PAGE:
Weekly Torah Commentary – Shoftim August 25, 2017

Torah reading:  Deuteronomy 16:18 – 21:9

Haftorah reading: Isaiah 51:12 – 52:12

How beautiful on the mountains are the feet of those who bring good news, who proclaim peace, who bring good tidings, who proclaim salvation, who say to Zion, “Your God reigns!”  Isaiah 52:7

feet

Beautiful feet?  A beautiful smile, a beautiful outfit; beautiful children:  I can envision all of those. But has anyone ever called your feet “beautiful?”  Achy?  Cold?  Smelly?  Ugly?  Yes!  But beautiful?

There are all sorts of feet. There are large feet, small feet, long feet, short feet, lean feet, and pudgy feet. Some people have strange looking feet. Others have beautiful feet. Did you know that there are foot models who get paid to have their feet photographed?

Take a look at your feet. Do you like your feet? On a scale of one to ten; one being ugly and ten being beautiful, how would you rate your feet? While God has made many beautiful things, I don’t imagine any of us would rate our feet as a ten! However, it is possible for all of us to have beautiful feet, at least in God’s eyes.

God thinks some feet are very beautiful! I’m not suggesting a pedicure. God is not so much concerned about how your feet look, but where they go and what they do.

 

Some feet lead to trouble, strife, and heartache. Isaiah 59:7-8 reads, “Their feet run to evil, and they make haste to shed innocent blood: their thoughts are thoughts of iniquity; wasting and destruction are in their paths. The way of peace they know not; and there is no judgment in their goings: they have made themselves crooked paths: whosoever goes there shall not know peace.”

Other’s feet are yielded to God for service to others. Job said in his defense in Job 29:15, “I was eyes to the blind, and I was feet to the lame.” The psalmist in Psalms 119:59-60 said, “I thought on my ways, and turned my feet to Your testimonies. I made haste, and delayed not to keep Your commandments.”

But Isaiah sees a messenger running to deliver news from a distant battle, before satellites & cell phones offer us instant information everywhere.  Isaiah pictures him first popping into sight over a mountaintop.  But why label his undoubtedly dirty, dusty, tired feet ‘beautiful?’

The Lord’s prophet knows that the ‘good news’ this messenger will deliver is so good that everything about him will seem ‘beautiful.’  A beautiful message makes a messenger beautiful from head to toe in the Lord’s eyes.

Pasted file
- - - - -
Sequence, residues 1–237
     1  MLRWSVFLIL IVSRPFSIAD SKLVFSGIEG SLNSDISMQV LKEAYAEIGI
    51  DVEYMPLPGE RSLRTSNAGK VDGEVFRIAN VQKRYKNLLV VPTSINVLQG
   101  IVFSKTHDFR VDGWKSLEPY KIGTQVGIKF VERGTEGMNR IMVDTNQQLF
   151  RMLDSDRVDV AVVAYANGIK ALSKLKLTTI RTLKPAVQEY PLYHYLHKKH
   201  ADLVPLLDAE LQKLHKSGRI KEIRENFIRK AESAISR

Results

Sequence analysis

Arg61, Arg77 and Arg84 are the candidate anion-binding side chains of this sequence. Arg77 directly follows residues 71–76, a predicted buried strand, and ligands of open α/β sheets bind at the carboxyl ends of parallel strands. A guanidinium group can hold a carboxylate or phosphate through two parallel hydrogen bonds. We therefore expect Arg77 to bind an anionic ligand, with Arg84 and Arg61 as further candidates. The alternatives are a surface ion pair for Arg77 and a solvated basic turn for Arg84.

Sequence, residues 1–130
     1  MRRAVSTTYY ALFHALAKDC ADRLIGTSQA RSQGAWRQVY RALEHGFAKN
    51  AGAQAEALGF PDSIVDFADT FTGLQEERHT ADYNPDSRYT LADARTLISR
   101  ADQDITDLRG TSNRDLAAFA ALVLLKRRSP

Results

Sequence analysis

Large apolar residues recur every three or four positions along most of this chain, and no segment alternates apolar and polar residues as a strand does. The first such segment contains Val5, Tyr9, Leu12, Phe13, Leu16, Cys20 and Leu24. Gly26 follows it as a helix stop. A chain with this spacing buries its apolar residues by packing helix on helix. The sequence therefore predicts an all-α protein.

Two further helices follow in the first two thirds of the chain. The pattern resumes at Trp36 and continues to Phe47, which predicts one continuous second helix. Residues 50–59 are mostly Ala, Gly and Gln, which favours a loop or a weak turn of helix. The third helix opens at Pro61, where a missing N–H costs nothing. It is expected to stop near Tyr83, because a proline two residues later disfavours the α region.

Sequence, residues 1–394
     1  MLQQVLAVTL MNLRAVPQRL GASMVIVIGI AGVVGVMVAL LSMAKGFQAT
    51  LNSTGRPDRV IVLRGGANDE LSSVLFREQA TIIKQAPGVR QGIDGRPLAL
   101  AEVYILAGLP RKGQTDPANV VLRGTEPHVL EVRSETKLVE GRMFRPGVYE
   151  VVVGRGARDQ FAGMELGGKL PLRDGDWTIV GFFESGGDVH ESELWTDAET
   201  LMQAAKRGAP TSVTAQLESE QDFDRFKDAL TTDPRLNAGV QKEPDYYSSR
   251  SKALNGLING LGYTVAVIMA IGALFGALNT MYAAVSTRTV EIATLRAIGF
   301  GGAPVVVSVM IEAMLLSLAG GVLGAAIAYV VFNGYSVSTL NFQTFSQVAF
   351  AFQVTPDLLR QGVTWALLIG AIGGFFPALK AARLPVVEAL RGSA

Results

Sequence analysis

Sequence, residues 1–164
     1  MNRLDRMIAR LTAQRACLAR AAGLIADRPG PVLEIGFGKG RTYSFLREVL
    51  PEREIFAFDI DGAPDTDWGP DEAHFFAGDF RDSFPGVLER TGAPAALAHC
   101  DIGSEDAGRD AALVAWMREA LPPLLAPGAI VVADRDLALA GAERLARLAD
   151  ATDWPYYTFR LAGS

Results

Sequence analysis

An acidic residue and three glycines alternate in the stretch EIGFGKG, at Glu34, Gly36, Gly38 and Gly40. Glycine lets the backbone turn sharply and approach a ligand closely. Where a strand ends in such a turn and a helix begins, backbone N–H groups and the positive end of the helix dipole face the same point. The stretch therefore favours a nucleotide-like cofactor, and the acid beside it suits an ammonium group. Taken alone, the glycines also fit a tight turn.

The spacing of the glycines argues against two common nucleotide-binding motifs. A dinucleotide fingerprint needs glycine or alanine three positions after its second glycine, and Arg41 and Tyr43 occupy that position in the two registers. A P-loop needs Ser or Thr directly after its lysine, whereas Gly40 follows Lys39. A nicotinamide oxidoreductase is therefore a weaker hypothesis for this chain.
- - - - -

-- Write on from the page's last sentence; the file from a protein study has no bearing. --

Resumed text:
Setting the stage for his prophet’s promise, “the sovereign Lord” – a Lord who rules our world — recalls three troubled times: “First my people went down to Egypt to live; lately Assyria has oppressed them…Now my people have been taken away for nothing; those who rule them mock the Lord.”

What happened when the Israelites were slaves in Egypt?  The Lord – using ten plagues; miraculously opened a path through the Red Sea — powerfully walked his people out of Egypt, through the wilderness; into their promised land.

What happened when king Sennacherib’s Assyrian army surrounded Jerusalem to starve God’s people into submission?  The Lord’s angel put 185,000 Assyrian soldiers to death in one night; Sennacherib headed for home a loser.

What happened when Babylon ransacked Jerusalem; carried God’s people into captivity?  In Isaiah 52:7, Isaiah prophecies concerning those Jews who were exiled in Persia.  In that day, King Cyrus permitted the Jews held captive in Babylon, to return to their native land. “How beautiful upon the mountains are the feet of him that brings good tidings, that announces peace; that brings good news, that proclaims salvation; that says unto Zion, Your God reigns!” Isaiah’s words referred to the heralds who proclaimed the liberating message to the Jewish people, “You’re free! No more captivity! It’s time to go home!” What good news!

In Tune with Torah this week = Your feet were designed to go places. They say that your feet will carry you the equivalent of five times around the earth in an average life span. Your feet may take you up and down a soccer field; they make take you to school or to work.

However, your feet are at their best when 1) they take you to worship the LORD God of heaven and earth, and 2) when they take you to perform acts of kindness towards others: to proclaim peace to the troubled soul, comfort to the grieving soul, encouragement to the discouraged soul and the love of God to the despairing soul.

In worship and in service to others our feet are the most beautiful.

Shabbat Shalom

 

 

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